Posted by: Lisa Hill | August 5, 2021

2021 National Biography Award shortlist

Update 26/8/21: the winners were announced today.  This is from the awards announcement on Facebook:

Cassandra Pybus’ “vivid and complex” portrait of remarkable First Nations woman Truganini has won the $25,000 National Biography Award.
Her book ‘Truganini: Journey through the apocalypse’ presents the extraordinary story of a Nuenonne woman from Bruny Island, whose life has been shrouded in myth for almost two centuries.
“We were all impressed by Truganini, which combined evocative writing with scholarly research. The perceptive analysis of cultural incomprehension between black and white in 19th century Australia shows the resulting deceit, treachery, intentions both benevolent and malevolent, and unintended consequences,” said Senior Judge Suzanne Falkiner.
This year’s $5,000 Michael Crouch Award for Debut Work went to Andrew Kwong for his powerful and heartfelt memoir, ‘One Bright Moon’.
“Kwong’s understated but highly effective account of a childhood in Maoist China and his eventual journey to Australia is both historically informative and moving in its description of his family’s sacrifices for him,” said Ms Falkiner.

The shortlist for the 2021 National Biography Award was announced today.

Also, Highly Commended:

  • Lowitja by Stuart Rintoul, see my review
  • Into the Suburbs, by Christopher Raja (abandoned)
  • The Shelf life of Zora Cross by Cathy Perkins

The winners will be announced on 26 August. See judges comments here.


  1. I’ve read both Truganini and Archie Roach. Both were excellent.


    • I’ll have to get on and read Truganini, it’s been on my shelf too long.

      Liked by 1 person

  2. Hi, Lisa, I hope your wrist is improving. Max is my favourite, though I have only read Truganini and the Lotus Eaters. I love Alex Miller’s writing.


    • Tell me, Meg, you know my taste so well by now, would I like The Lotus Eaters?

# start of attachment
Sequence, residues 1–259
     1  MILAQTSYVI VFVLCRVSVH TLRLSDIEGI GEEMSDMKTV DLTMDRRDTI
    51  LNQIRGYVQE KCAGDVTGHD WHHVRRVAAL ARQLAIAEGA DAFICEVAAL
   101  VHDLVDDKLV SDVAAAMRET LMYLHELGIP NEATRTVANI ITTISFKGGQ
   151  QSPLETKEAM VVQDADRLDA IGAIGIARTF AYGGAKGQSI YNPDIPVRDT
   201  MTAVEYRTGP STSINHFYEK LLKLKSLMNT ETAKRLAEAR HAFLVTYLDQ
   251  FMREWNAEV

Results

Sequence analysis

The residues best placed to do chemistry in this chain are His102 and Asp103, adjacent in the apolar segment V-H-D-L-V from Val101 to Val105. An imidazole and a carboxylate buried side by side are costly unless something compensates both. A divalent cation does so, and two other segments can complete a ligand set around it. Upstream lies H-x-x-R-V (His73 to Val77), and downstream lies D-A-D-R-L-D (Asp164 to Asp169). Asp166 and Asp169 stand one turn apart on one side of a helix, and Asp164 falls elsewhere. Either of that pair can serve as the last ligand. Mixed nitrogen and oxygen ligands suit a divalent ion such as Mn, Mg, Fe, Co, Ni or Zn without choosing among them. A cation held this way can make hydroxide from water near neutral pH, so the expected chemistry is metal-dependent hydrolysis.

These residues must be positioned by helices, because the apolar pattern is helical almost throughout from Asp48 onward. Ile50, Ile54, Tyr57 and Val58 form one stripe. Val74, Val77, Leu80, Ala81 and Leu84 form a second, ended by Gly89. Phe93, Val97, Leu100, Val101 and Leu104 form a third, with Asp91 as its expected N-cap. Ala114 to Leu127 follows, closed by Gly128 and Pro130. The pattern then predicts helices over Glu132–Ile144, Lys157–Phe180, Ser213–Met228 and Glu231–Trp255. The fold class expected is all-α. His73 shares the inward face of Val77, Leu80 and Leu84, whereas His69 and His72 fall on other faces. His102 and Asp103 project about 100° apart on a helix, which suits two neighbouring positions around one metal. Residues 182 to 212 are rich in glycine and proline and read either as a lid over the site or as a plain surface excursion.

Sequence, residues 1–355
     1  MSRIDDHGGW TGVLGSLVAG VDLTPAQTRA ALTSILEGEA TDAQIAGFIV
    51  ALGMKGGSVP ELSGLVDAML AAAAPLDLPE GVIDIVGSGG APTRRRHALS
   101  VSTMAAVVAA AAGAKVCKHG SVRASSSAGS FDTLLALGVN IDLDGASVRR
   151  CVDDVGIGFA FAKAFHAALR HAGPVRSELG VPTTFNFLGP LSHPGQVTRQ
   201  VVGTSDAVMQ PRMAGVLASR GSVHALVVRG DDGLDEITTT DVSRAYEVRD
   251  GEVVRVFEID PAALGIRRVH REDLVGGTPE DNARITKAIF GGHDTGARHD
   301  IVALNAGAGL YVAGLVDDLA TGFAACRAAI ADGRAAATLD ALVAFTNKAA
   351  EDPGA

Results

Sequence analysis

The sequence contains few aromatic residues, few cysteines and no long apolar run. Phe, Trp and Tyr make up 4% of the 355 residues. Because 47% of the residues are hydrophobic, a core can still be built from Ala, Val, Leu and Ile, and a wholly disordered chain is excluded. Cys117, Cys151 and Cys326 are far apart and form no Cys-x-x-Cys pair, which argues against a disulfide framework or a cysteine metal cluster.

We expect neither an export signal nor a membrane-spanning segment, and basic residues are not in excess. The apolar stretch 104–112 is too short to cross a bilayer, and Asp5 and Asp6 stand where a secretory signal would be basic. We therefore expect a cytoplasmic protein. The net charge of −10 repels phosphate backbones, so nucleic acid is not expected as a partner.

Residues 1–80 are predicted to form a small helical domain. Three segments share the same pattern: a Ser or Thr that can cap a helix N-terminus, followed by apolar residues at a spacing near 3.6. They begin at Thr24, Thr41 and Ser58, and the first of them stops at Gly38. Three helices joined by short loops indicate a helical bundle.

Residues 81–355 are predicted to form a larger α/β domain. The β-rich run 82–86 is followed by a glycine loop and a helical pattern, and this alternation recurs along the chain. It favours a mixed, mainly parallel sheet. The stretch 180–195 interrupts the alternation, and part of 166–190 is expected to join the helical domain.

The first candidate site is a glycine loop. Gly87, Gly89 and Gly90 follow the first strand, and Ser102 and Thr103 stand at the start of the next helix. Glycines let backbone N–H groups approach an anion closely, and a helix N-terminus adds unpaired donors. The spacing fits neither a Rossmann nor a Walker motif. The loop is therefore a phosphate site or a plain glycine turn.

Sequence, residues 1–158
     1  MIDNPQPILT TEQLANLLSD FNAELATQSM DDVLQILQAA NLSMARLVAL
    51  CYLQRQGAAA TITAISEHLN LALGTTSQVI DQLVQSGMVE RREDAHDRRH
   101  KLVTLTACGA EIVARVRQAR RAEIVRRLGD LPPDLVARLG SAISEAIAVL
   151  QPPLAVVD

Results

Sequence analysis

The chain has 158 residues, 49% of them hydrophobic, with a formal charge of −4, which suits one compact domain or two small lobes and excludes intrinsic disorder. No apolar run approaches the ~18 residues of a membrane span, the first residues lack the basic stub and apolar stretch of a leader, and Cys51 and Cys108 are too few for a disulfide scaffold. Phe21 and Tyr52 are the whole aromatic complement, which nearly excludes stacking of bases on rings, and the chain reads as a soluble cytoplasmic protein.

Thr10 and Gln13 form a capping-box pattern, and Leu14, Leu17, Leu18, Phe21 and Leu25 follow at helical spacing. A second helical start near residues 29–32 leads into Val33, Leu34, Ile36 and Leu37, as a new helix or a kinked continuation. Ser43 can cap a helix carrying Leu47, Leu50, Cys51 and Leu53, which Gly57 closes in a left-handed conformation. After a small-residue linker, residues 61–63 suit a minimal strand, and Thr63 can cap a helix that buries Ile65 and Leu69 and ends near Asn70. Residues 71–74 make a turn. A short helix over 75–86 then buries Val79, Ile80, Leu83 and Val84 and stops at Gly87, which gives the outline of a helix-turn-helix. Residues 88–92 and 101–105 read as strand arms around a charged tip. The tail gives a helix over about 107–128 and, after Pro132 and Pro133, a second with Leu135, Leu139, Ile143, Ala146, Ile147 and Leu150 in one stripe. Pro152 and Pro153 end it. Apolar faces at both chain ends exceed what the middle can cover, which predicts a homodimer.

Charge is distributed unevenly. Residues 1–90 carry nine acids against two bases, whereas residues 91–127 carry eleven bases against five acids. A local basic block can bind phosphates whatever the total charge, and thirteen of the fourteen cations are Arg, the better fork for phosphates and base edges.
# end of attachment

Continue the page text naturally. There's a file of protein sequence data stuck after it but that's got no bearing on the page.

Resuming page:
3. Hello engaged readers,
    I’m elated to see that there are subjects of color featured in the 2021 National Biography Award shortlist. In the United States, there are some nationwide literary awards that are making intentional efforts to acknowledge and represent books by Black, Indigenous, and People of Color (BIPOC) writers.


    • Life writing by Indigenous authors has been strong for decades here, and I’ve been reading them since the 80s, but they’ve mostly been memoirs and autobiographies, often by members of the Stolen Generation. I could be wrong, but I think that biographies of Aboriginal leaders are fairly new … I’ve checked the ToC of the Macquarie PEN anthology of Aboriginal Writing and there are no titles that are obviously biographies, but that doesn’t mean that bios haven’t been written by non-Indigenous authors. There are, as I’m sure you know, all kinds of awkward issues around this from appropriation to Indigenous politics to religious beliefs about not naming the dead. There are also protocols about visiting communities and ‘yarning’ about other things before anyone is willing to share information about the subject of the bio, which can make research difficult and expensive. (I should add that these protocols have been developed because Indigenous people are sick of being ‘written about’ and not having agency over their own stories.)


  4. I love Archie Roach’s book. I was adopted by a woman of Indigenous heritage who had little knowledge of her family lines. I met Emily Clements when she was working on Lotus Eaters; we were both selected for ACT Writers Hardcopy program for emerging non-fiction authors, four years ago. It must be a tough gig to select a winner from shortlists.